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    “I take multiple falls before I nail moves like twizzles or mohawks, but the little wins along the way are so important because that’s when I can scream and get dizzy from what I’m doing. accomplished,” says Kimberly. “They are sometimes rare, but I like to see that I am progressing.”

    4. A *little* push can pay off

    Now, we’re not saying you should go to the gym to get where you want to be and punish yourself until you do, but a bit Pressure generally equates to progression. Kimberly has found her happiness.

    When asked the hardest thing about him Dancing on the ice training regimen, she says, “It’s tough on myself when I need it because I have to continually make progress but also know how to relax and love moving on the ice with Mark at the same time – I’ve learned to recognize that I’m not going to the Olympics, I want to be able to match Mark, but he’s a pro and I’m a rookie.

    5. Recognize and adapt to your body

    Whether you’re working on strength training, cardio, or whatever, you’ll be somewhere completely different on your journey next week than you are now. Likewise, in ten years your body (and mind) will have done a full 180. We are constantly changing, and it is so important that we adapt to these nuances. Kimberly says she noticed a seismic change in her body during DO I coaching.

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    “It was almost a form of recovery for me,” she says. “I felt the differences in my hips from carrying kids and having c-sections, so I had to work on tightening my abs and getting my pelvic floor back.”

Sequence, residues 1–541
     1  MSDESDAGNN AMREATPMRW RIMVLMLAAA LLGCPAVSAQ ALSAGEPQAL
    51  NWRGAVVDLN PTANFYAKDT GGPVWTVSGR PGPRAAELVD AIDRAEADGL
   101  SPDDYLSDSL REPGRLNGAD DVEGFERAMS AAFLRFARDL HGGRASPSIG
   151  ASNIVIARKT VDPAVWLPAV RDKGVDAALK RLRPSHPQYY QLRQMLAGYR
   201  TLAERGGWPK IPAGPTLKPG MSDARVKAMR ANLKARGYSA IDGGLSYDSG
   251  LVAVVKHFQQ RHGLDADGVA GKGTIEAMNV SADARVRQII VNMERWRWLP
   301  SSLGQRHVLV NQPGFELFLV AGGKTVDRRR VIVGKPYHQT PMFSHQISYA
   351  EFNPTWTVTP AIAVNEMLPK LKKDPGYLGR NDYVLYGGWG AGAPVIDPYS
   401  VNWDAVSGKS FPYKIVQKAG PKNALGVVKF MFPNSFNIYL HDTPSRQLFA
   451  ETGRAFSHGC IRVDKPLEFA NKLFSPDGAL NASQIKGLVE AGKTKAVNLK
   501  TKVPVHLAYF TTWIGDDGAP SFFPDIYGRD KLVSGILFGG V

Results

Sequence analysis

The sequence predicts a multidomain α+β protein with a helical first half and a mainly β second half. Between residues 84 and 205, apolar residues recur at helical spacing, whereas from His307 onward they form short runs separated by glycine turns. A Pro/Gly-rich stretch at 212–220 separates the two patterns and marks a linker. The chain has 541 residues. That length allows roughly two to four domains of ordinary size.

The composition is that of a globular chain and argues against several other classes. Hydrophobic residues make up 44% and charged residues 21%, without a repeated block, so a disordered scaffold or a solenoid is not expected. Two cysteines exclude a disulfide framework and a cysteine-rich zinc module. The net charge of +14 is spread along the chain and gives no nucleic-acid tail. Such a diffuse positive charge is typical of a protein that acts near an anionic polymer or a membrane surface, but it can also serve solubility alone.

6. Fight fear

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    Exercise can be so daunting. Take the weights section of a gymnasium. Stepping into it for the first time can feel like stepping into the lion’s den (and they’re all watching you), when you might as well be wearing a blindfold when it comes to finding the weights you you are looking for. Kimberly knows it’s hard to get through, but she also knows it’s worth it.

    “When I teach dance, I always say be you, be fearless, be authentic. The thing about being fearless is really important, but it’s scary. I have to remember to practice what I preach in practice. , but I know what’s on the other side is worth seeing, even if it means taking a fall.

    7. Take training as time for yourself

    If nothing else, movement is like a big dose of self-care medicine. Kimberly tells him DO I his workout regimen reminded him how important and powerful exercise can be.

    “Coming into my little gym to have a second and connect with my body really sets me up for the day,” she says. “Having this moment to myself means that I attack it with a smile and energy, feeling like I had time for myself, not just for my children and my family.”

    8. Train the brain

    The more intense Kimberly’s training has become, the more she pays attention to her stress levels, and it’s working wonders. “I consider it a marathon, not a race,” Kimberly says. “I worked on conditioning, listening and being aware of my body, but I also prepared myself for the nervousness and excitement of being live on TV and doing something that I didn’t. had never done before.

    “Journaling and making angel cards, using essential oils and taking magnesium baths help me stay calm so my nerves don’t run away from me.”

    Dancing on Ice starts tonight at 6.30pm on ITV and ITV Hub.